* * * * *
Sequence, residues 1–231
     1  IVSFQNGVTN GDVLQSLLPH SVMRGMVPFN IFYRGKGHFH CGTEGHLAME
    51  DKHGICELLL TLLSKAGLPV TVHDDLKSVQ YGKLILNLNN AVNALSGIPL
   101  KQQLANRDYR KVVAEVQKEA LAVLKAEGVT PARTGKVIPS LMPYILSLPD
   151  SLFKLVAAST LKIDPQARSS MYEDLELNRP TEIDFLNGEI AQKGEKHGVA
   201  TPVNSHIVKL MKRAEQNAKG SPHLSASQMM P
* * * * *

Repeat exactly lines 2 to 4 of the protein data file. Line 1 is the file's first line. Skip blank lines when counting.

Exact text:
     1  IVSFQNGVTN GDVLQSLLPH SVMRGMVPFN IFYRGKGHFH CGTEGHLAME
    51  DKHGICELLL TLLSKAGLPV TVHDDLKSVQ YGKLILNLNN AVNALSGIPL
   101  KQQLANRDYR KVVAEVQKEA LAVLKAEGVT PARTGKVIPS LMPYILSLPD